Like a Local: The 7 Best Places to Grab a Drink in Pittsburgh

by Holly Riddle  |  Published July 23, 2018

On the cusp of the Midwest, the Steel City is known for its industrial heritage, powered by the sweat and blood of the working class. While the city’s economy now revolves less around the steel industry, it still fuels much of the economy in western Pennsylvania.

With its mountainous surroundings, Pittsburgh provides many vantage points for a dazzling nighttime view of the city (Photo: Matthew Paulson)

What comes to mind when you think of Pittsburgh? Beyond steel and sports teams, is there much more? Definitely! On the eastern edge of the Midwest, Pittsburgh is starkly different from its Pennsylvanian sister Philadelphia. Where Philadelphia boasts a recognizable history, close proximity to several other major U.S. cities and a hot food scene, Pittsburgh is more isolated from other urban centers in the country, with a history focused on its three rivers and Native American heritage.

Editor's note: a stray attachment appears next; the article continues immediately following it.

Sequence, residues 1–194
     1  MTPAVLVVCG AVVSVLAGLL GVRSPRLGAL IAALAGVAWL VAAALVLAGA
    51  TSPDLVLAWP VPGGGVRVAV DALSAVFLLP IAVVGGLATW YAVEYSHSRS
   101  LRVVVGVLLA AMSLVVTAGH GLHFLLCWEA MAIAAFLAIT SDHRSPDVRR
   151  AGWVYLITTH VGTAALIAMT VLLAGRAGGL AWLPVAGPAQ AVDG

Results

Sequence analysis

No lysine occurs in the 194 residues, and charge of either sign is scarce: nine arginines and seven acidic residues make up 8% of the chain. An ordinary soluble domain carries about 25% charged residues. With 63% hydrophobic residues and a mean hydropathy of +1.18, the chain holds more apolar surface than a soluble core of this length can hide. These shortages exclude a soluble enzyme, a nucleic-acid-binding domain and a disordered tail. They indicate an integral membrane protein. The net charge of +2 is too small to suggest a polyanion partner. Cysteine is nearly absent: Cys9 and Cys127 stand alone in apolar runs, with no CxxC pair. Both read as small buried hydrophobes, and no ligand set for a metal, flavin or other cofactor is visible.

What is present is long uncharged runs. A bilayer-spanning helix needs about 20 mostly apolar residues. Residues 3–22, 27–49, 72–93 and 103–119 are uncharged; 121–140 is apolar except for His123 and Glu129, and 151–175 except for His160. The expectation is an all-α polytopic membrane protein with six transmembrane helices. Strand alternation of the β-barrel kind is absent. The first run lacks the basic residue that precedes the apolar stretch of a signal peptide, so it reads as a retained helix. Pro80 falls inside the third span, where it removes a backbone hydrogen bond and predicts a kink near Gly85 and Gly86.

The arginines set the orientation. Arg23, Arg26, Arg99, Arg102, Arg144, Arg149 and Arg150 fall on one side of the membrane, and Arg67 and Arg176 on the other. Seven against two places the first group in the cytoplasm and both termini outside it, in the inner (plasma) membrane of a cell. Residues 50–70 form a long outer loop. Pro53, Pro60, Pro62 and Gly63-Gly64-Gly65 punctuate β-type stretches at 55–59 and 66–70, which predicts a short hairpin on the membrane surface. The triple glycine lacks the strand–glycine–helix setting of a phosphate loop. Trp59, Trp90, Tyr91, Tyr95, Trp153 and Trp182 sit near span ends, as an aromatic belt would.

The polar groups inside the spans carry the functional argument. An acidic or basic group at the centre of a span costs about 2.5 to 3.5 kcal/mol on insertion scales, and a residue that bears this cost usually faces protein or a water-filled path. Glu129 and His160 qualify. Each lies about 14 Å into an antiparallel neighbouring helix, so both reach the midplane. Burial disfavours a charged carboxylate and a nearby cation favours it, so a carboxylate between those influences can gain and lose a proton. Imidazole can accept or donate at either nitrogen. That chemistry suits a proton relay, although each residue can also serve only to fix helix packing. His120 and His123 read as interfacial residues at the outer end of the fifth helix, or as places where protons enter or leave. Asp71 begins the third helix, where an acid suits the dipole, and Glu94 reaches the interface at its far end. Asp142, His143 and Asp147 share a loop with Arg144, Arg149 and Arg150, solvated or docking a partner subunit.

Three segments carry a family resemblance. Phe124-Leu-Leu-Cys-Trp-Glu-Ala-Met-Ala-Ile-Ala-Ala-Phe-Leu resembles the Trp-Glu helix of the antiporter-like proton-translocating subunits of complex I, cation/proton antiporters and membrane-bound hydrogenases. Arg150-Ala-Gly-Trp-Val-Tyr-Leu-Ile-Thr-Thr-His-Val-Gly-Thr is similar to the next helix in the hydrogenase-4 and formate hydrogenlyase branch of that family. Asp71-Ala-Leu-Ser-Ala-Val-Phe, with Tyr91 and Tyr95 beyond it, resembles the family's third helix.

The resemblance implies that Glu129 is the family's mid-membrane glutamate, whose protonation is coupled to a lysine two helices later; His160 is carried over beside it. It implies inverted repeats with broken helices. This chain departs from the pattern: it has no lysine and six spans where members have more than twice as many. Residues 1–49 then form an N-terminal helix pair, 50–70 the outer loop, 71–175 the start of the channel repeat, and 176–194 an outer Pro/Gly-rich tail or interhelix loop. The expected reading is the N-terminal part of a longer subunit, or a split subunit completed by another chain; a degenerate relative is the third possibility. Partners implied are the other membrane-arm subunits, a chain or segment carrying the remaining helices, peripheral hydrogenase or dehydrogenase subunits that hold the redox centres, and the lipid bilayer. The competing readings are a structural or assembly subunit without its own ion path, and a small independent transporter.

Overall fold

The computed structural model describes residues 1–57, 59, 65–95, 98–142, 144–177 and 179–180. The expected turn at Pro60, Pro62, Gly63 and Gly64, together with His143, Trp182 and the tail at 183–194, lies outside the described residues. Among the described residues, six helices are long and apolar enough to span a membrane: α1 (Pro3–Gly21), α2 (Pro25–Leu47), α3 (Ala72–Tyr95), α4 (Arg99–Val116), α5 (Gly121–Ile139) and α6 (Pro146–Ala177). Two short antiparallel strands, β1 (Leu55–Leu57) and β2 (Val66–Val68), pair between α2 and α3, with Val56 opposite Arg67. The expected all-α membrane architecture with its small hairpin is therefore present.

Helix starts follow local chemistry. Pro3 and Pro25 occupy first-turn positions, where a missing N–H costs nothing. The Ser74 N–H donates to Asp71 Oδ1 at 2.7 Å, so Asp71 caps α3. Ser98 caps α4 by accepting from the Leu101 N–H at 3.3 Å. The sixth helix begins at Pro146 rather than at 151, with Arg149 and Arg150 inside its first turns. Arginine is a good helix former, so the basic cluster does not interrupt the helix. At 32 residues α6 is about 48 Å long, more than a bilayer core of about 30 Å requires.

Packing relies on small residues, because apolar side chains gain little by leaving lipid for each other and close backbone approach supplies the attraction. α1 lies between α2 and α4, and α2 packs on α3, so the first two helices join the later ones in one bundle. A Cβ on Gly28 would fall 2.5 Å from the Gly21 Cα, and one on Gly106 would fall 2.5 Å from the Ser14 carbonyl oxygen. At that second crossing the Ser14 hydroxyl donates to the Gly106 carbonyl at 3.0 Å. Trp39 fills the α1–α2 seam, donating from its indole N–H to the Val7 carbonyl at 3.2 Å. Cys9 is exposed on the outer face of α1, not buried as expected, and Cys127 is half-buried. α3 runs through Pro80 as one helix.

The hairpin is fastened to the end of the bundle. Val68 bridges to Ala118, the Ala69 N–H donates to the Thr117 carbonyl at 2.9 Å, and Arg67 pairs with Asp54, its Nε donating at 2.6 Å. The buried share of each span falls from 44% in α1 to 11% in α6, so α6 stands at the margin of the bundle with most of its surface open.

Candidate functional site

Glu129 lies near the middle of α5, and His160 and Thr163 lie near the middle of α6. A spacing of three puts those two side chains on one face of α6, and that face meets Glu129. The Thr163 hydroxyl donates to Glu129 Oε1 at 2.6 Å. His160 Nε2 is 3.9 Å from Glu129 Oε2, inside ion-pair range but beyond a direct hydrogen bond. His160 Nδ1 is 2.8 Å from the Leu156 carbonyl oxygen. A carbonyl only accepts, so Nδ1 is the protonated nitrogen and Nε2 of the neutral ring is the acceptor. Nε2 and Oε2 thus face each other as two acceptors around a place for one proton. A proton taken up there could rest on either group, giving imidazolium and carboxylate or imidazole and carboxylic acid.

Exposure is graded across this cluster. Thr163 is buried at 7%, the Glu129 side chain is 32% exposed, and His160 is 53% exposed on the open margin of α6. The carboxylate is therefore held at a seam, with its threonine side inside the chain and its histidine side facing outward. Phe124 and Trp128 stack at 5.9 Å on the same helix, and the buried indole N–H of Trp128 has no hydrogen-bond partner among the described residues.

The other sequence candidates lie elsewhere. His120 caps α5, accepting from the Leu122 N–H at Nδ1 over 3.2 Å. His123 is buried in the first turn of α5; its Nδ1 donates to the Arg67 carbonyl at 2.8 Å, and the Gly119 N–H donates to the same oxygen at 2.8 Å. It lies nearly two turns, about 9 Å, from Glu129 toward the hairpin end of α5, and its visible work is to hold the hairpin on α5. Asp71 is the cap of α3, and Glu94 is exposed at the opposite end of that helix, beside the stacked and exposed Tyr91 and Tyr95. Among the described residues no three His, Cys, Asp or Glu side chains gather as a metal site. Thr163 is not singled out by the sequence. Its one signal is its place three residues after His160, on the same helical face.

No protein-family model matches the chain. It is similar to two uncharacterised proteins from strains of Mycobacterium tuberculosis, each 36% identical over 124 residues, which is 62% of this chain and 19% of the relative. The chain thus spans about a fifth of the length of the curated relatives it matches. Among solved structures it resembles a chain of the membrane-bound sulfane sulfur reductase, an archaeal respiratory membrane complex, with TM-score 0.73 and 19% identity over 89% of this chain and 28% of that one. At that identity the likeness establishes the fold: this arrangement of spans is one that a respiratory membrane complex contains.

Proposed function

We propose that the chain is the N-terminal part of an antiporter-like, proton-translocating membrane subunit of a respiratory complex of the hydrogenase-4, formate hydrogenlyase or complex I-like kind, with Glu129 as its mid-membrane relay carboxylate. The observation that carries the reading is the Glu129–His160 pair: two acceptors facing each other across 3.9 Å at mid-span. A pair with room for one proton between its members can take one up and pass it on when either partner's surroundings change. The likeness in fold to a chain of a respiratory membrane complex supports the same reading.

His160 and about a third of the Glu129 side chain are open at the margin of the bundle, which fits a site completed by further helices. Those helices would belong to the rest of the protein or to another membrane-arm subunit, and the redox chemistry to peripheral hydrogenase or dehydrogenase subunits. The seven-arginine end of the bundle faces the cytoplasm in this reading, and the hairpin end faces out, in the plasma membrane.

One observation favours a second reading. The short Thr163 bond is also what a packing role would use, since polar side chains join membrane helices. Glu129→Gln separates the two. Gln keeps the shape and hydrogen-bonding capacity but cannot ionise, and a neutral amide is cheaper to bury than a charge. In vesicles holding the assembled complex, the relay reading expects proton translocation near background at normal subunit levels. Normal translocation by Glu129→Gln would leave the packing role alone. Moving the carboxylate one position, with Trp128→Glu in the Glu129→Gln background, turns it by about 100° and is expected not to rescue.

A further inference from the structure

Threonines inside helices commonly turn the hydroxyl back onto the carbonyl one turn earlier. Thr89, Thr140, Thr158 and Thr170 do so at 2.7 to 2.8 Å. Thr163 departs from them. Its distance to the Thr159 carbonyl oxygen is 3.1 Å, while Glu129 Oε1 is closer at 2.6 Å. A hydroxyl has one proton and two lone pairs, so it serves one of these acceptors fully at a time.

However, those who visit Pittsburgh, rather than overlook it, are rewarded with fantastic culinary options, world-class museums, expansive walkability and, of course, an array of great drinking establishments that keep them coming back again and again.


Step into Pirata and let the Caribbean vibe, and hits like the Stone Manhattan cocktail, melt away your worries (Photo: Holly Riddle)

Pirata is a Latin American-influenced restaurant and bar, featuring cuisine from the Caribbean and South and Central America. Beyond the delicious food, they offer more than 200 varieties of rum and an impressive cocktail list. Choose from rums sourced from all over the world. Many are sourced from Latin America, but there are a few far-reaching varieties from distilleries in Austria and India. If you’re looking to spend big during your trip, go for the Millionaire cocktail flight, which features three rums (Don Q Reserva de la Familia Serralles, El Dorado 50 Year and Black Tot British Royal) for a hefty $400. If your budget is a little less extravagant, the cocktail list is more than satisfactory, with options like the Stone Manhattan, a ginger wine and rum version of the traditional Manhattan.